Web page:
Some weeks ago the nature poet Chris Kinsey and I took ourselves off for a wander around Newquay, Cei Bach, and St Ina’s Church at Llanina Point in Ceredigion. It’s my local walk, but we were doing it as a literary pilgrimage, following the blue plastic plaques and local hearsay about where Dylan Thomas walked, talked, wrote, and (most importantly for the commercial impact) drank.

I have to confess, I hate ‘The Dylan Thomas Trail.’  These strangely marbled plaques bearing the face of a young Dylan Thomas decorate the odd tree or wall, leaving me mystified as to the locality’s significance. There’s no nearby information and the ‘map’ which the literary curious are supposed to follow to decipher the import of each place wasn’t available and the tourist information office was closed.

The information boards around Newquay aren’t much better. They’re fine for the day trippers to glance at when licking an ice cream on a sunny August bank holiday, but they can’t hold their own against the posters advertising the wild porpoises and bottle nosed dolphins who visit these parts. I also find the ‘facts’ about Thomas so bland as to render any detail invisible. Sure, the local tourist board may not want to go into his drunken exploits and womanising (although that seems to be what everyone wants to discuss), but his literary legacy and strong connection between creativity and place could be drawn a little clearer. Newquay is reputed to be the inspiration for Llareggub (say it backwards), the marine town in ‘Under Milk Wood’, although the Thomases walked, bickered, and drank a longer trail, up to Tal Sarn and Llanon, further up the coast.

So we took ourselves out across the beach at low tide in a wind blowing itself up into a gale, shivering in the February drizzle. Poor Chris was incubating a stupendous cold and wading about in the fresh springs that flow across the beach and into Cardigan Bay mustn’t have helped. We walked up to St Ina’s Church, one of my favourite spots in Spring, when the graveyard and surrounding wood overlooking the sea is filled with bluebells, nodding my approval as always at the revision of one of Thomas’s most famous lines on a headstone by the gate: ‘Go gentle into that good night.’ Chris also shared my enthusiasm for the rewrite, saying on a personal level we wouldn’t want a loved one raging into death.

Writing the essay for Jon has refreshed my relationship to where I live, and reanimated my thoughts about language. characterisation, and playwriting. My focus has been on ‘Under Milk Wood’ and it has been a pleasure and education to revisit this text, especially when in the shelter of one of the nooks in Newquay harbour, ostensibly in the shadow of Captain Cat’s house.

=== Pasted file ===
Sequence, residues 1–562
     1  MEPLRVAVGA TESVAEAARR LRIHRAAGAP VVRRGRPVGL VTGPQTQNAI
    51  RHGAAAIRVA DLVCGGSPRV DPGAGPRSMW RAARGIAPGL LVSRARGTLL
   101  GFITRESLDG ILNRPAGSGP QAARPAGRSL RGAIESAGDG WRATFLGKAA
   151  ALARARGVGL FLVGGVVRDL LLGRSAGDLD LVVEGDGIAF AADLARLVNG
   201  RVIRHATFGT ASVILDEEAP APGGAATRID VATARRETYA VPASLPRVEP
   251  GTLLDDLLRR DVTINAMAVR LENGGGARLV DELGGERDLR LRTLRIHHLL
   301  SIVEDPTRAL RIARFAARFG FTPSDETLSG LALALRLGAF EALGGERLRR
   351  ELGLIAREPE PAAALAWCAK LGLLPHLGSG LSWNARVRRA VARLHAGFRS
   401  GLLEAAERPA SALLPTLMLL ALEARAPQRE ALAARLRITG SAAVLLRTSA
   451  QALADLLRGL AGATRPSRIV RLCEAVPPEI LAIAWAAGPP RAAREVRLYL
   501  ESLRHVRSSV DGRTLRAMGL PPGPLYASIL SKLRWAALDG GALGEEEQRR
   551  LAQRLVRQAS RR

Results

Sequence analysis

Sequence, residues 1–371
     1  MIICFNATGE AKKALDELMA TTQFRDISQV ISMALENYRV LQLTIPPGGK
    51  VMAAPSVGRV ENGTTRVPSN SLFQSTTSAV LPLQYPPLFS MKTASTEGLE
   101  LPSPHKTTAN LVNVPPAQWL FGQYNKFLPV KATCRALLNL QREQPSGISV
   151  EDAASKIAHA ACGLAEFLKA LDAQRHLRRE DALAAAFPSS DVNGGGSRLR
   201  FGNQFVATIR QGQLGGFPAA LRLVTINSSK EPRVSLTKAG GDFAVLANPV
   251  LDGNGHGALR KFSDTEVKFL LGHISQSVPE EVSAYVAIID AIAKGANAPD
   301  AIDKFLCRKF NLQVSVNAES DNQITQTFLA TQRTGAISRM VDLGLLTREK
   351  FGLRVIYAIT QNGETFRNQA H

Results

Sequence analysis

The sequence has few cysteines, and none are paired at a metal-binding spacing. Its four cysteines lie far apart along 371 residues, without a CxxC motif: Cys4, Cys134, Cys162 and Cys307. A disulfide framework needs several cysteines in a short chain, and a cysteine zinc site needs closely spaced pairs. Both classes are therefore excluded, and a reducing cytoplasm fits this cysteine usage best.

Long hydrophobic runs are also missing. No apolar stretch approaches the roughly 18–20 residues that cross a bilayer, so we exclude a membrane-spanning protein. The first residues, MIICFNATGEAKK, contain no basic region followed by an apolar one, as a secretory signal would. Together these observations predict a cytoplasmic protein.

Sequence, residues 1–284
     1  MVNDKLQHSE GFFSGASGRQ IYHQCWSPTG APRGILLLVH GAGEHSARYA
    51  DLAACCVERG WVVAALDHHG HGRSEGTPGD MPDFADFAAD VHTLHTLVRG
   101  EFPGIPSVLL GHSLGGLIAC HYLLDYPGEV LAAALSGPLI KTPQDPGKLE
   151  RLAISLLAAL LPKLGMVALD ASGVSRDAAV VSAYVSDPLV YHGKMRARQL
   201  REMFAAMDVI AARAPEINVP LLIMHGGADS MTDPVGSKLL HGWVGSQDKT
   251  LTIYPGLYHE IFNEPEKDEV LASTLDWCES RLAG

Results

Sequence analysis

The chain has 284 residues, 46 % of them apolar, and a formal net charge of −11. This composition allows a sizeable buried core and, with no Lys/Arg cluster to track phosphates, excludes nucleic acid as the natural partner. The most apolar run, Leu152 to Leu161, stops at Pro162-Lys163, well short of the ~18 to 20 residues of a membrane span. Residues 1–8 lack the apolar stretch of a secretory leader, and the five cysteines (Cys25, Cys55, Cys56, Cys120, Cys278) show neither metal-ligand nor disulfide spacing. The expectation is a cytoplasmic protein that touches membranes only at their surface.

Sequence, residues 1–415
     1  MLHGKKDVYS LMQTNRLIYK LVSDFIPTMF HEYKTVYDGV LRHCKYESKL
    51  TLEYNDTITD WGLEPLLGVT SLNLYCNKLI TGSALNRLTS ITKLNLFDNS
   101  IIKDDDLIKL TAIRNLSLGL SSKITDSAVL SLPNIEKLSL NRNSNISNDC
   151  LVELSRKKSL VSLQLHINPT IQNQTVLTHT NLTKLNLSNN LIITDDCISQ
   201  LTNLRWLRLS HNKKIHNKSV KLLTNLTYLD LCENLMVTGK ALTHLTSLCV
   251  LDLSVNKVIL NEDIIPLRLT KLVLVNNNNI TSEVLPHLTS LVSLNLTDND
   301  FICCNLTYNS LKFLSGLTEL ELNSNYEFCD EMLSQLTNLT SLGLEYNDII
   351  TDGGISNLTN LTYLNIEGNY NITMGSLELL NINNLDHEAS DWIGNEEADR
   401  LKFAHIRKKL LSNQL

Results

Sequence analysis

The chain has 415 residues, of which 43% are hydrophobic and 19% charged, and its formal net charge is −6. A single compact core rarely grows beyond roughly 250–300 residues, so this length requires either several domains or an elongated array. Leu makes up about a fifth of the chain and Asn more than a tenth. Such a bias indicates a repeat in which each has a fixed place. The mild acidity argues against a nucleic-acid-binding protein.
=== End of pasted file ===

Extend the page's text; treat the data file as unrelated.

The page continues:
Today’s blog has a distinctly Welsh flavour, for my essay on The Llanarth Group’s  cultural exchange with Ami Theatre in Japan last November has been published in the most recent edition of New Welsh Review. An extract of the account of touring ‘Told by the Wind’ to Babylon Theatre in Tokyo, and an exploration of what NWR editor Gwen Davies has coined ‘Welsh Noh’ can be found at:


I’m off to give a last polish to my essay on Dylan Thomas, then head out to Cei Bach to walk along the golden sand and look across to Llareggub/Newquay in this  sudden welcome Spring sunlight.

In praise of short stories – “hand grenades of ideas.”

Short fiction seems more targeted – hand grenades of ideas, if you will. When they work, they hit, they explode, and you never forget them.  Paolo Bacigalupi.

It has been a stupendous week for short fiction. Today’s blog is in celebration of Alice Munro being awarded the 2013 Nobel Prize for Literature, and Sarah Hall winning the BBC National Short Story Prize. It also seems to be a year for women short fiction writers, for all on the National Short Story Prize shortlist were female.

For me a page of good prose is where one hears the rain. A page of good prose is when one hears the noise of battle…. A page of good prose seems to me the most serious dialogue that well-informed and intelligent men and women carry on today in their endeavour to make sure that the fires of this planet burn peaceably.   John Cheever.

Munro is the thirteenth woman to have won the award since its inception in 1901, and didn’t expect to win, partly because of what could be seen as an undervaluing of the form. On winning, she said “I would really hope that this would make people see the short story as an important art.”